Beyond paying a premium, it may be helpful to explore innovative deal structures—for example, partnerships or minority stakes—that give the seller or its investors an opportunity to share in the deal’s future upside.
There’s ample cash on balance sheets to make deals happen. Today’s approximately $12 trillion of corporate cash and equivalents is up 68% from 2017. And over the same period, private-equity dry powder nearly doubled to about $2 trillion.
While interest rates remain high, corporate buyers may have an edge over private equity to pursue transformative, strategic deals given their ability to use cash and equity to finance their transactions. This is especially relevant for companies that have opportunities to accelerate their strategies and digital transformations through M&A but have held back because of exorbitant valuations, especially for technology targets. Now some of those moves are much more plausible.
There’s plenty of cash on hand to make deals happen.
Setting Your Action Agenda
Of course, not every company is in the same starting position in terms of financial health, strategic clarity, and readiness. The most experienced acquirers are already poised to make the most of this moment. Other companies still have a chance to take advantage of today’s more accessible asset values if they move quickly. The objective should be to radically accelerate your strategy and enable new business models and offerings. We recommend four key moves to get started:
Review your portfolio and resources. Lay the foundation for success by building a shared understanding across the full management team and your board of your starting position, strategic priorities, and freedom to operate. At the portfolio level, it’s essential to de-average your total shareholder return to understand which parts of your business are adding—and which are subtracting—value. Which are “on strategy” versus not? Which have tailwinds at their back—and which face headwinds from megatrends, such as decarbonization or geopolitical factors? What’s your cash on hand and borrowing capacity? Even for companies that need to improve their performance, this portfolio view can provide a valuable lens for transformation planning.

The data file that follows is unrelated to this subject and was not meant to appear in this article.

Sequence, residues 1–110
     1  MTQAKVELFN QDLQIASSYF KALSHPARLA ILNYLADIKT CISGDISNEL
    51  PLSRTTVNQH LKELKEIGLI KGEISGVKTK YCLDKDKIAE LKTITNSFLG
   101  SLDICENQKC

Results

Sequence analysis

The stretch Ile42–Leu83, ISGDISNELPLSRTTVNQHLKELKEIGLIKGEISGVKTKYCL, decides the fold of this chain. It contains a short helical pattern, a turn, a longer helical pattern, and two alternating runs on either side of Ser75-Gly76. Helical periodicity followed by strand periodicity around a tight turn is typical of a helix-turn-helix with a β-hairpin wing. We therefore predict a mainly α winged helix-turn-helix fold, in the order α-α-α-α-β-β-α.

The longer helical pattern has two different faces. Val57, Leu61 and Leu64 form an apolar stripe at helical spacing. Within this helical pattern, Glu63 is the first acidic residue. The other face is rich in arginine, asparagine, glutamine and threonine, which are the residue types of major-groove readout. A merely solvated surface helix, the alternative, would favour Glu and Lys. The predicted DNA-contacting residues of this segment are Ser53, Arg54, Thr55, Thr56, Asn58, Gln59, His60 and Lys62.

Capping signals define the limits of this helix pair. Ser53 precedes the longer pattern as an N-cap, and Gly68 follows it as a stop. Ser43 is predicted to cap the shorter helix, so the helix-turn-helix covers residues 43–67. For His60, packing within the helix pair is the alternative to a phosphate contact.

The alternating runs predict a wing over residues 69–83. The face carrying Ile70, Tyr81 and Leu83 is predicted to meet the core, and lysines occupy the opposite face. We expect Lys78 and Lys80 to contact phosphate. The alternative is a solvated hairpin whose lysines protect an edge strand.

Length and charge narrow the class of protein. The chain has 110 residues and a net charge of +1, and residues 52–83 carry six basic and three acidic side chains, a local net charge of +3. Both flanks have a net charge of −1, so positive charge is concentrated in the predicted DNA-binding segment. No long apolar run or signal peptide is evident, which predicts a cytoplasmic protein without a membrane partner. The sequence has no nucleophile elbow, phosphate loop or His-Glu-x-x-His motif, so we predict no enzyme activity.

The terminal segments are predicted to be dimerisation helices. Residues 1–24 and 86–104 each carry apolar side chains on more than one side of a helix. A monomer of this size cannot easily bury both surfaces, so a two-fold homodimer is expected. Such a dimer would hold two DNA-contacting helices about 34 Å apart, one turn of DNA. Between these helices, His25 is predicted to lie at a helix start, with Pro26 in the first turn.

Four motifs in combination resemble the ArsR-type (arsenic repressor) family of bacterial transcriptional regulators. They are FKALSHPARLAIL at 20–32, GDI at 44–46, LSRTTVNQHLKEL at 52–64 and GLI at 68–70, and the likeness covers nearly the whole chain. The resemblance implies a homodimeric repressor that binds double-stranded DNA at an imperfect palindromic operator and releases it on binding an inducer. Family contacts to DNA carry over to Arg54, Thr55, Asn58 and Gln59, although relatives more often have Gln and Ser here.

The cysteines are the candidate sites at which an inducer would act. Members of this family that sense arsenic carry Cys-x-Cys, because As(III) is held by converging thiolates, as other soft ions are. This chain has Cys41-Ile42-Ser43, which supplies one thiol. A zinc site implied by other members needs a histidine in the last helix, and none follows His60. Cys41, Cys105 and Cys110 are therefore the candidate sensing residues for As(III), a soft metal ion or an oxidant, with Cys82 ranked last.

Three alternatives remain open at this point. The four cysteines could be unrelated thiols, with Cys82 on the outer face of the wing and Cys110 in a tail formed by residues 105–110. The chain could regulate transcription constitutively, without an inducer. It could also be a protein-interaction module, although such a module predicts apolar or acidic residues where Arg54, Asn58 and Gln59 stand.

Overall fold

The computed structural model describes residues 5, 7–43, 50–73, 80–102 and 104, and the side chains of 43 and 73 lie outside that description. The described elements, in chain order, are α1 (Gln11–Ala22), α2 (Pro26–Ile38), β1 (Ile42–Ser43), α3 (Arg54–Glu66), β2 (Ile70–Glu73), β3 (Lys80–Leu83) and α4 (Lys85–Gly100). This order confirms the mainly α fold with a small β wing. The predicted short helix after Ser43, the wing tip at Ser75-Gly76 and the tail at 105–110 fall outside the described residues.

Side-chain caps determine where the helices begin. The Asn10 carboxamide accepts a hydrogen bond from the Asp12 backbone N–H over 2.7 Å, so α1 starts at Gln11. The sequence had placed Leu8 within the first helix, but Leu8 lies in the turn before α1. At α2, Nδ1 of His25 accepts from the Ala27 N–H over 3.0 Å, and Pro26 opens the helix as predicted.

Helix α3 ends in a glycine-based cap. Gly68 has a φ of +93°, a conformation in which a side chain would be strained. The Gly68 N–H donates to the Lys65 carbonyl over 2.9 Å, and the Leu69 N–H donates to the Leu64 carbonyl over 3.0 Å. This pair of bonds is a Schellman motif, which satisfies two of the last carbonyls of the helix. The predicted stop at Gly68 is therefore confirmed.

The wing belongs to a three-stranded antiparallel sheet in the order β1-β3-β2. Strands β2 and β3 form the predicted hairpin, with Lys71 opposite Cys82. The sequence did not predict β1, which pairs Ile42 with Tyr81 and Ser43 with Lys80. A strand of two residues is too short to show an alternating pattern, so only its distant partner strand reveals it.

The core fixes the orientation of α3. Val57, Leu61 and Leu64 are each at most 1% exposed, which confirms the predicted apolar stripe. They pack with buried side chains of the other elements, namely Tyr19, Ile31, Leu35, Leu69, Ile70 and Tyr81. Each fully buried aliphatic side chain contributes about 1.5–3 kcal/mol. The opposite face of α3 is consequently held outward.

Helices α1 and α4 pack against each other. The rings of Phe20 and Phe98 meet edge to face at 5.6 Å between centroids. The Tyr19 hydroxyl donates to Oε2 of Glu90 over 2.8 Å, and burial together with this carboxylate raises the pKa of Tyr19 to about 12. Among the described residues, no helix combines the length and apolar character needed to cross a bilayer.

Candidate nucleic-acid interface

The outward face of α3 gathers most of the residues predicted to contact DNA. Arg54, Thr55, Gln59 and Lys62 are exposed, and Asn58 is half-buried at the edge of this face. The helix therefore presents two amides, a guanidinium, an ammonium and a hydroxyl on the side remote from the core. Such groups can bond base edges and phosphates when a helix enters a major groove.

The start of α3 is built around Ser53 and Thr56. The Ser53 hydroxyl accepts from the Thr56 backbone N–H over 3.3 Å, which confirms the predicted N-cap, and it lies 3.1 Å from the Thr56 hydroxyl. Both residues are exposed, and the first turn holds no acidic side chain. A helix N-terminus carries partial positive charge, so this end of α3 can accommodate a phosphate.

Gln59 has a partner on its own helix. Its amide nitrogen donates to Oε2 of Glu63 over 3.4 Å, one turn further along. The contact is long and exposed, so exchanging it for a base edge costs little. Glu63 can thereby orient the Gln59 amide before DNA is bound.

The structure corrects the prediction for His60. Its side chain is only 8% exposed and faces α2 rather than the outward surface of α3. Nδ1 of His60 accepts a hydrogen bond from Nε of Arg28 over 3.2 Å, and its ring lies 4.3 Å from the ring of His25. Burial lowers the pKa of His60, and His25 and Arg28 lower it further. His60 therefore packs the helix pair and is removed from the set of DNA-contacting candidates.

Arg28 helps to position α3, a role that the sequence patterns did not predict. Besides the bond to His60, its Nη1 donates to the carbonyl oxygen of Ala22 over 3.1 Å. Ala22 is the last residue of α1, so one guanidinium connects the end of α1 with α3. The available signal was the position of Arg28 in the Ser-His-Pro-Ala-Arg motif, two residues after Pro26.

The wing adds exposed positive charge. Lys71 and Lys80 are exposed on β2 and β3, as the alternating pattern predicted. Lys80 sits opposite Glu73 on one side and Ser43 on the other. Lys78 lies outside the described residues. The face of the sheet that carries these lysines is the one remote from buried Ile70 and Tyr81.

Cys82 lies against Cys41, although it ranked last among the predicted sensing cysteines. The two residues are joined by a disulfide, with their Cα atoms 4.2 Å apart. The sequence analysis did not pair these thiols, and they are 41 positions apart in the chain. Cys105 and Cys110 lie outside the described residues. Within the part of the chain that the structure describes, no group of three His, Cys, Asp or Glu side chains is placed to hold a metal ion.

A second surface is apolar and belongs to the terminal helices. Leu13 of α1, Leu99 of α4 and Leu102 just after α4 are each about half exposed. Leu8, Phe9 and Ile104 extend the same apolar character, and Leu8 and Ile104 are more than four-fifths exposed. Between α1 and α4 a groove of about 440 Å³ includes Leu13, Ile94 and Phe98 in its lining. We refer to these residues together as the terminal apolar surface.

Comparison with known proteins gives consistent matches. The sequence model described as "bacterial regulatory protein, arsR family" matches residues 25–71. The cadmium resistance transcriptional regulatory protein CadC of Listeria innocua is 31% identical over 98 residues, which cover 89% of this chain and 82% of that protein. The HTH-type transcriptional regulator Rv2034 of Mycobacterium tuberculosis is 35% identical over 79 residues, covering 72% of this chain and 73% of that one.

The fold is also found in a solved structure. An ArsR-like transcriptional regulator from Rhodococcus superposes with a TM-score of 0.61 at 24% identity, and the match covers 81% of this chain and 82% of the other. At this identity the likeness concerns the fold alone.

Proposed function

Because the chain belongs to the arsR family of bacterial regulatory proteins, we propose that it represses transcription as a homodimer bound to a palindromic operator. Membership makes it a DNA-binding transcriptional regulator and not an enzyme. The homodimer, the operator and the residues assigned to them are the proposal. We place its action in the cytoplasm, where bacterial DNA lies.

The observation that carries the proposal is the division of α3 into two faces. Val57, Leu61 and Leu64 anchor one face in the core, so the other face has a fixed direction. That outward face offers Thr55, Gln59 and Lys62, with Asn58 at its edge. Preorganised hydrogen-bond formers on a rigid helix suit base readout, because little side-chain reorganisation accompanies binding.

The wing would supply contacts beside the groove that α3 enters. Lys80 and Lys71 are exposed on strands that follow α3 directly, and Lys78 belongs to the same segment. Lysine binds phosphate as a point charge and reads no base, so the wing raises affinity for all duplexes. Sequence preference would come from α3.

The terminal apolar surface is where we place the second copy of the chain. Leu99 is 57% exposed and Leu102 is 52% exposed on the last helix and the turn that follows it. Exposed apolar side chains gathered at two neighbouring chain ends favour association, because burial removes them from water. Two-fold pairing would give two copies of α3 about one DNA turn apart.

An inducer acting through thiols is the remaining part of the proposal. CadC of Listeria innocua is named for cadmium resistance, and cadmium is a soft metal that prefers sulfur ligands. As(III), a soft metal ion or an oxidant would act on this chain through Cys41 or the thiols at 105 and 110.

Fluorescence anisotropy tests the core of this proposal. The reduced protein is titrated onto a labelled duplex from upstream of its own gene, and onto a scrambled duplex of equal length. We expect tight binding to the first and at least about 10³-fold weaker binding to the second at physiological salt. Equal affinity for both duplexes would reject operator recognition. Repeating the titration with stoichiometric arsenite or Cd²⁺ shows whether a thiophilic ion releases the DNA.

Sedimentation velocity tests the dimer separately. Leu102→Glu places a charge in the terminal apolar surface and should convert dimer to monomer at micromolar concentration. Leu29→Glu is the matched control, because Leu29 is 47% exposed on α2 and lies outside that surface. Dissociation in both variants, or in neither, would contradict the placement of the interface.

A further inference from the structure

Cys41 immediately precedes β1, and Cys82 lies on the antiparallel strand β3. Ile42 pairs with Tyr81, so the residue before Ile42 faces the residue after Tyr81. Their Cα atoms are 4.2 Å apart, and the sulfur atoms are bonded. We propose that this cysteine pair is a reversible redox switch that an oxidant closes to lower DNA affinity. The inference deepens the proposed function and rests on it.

And also focus on what’s missing—what lack of capabilities, technologies, market access, scale, or other factors is keeping you from realizing your strategic ambitions and potential?
- Prepare and plan for your divestitures. Where you’re a seller, or at least open to being one, what is each business worth? What impact would selling it have on your core business in terms of lost scale, stranded costs, and capabilities? Is it currently marketable or does it need a makeover to maximize interest and value creation? What is the most attractive strategy and business plan to drive its future success? What is its equity story for buyers or investors? What financial or strategic buyers would be natural owners for it? Most divestitures in this environment will be by companies that need to sell. But even strong performers should use this time to prepare for the sale of attractive non-core assets when the market starts to bounce back.
- Identify and prioritize potential targets. Where you’re looking to make acquisitions to fill strategic gaps, which pools offer the most attractive fishing opportunities? Within each, which candidate companies are the most attractive? What would you be willing to pay? How would you integrate the acquisition into your business? Then, systematically approach each potential target with a clear, compelling story outlining the strategic and financial benefits of the combination. Best-practice acquirers maintain a radar function that enables them to continually scan for opportunities in their priority sectors.
- Prepare the organization to move rapidly. Is your board ready to act? Do you have advisors lined up? Have you identified a top-notch due-diligence team? And beyond closing, are you up to speed with current best practices for post-merger integration and clear on who will be responsible for driving the successful integration?
With so many sectors facing disruption, the current environment offers leaders an exceptional opportunity to reimagine and reinvent their businesses. For non-tech players looking to boost their digital capabilities, carbon-intensive players seeking to pivot, or any company seeking a step-change in scale via industry consolidation, this could be an inflection point.
And investors are in favor of smart M&A in this environment. The latest installment of the BCG Investor Perspectives Series finds that 68% of investors—near the series high of 72%—believe that management should actively pursue acquisitions to strengthen the business at current valuations.
Leveraging the current uncertainty to accelerate strategic transformation requires thinking differently about potential targets, deal terms, and financing structures. But most of all, it demands the courage to act decisively before valuations rebound.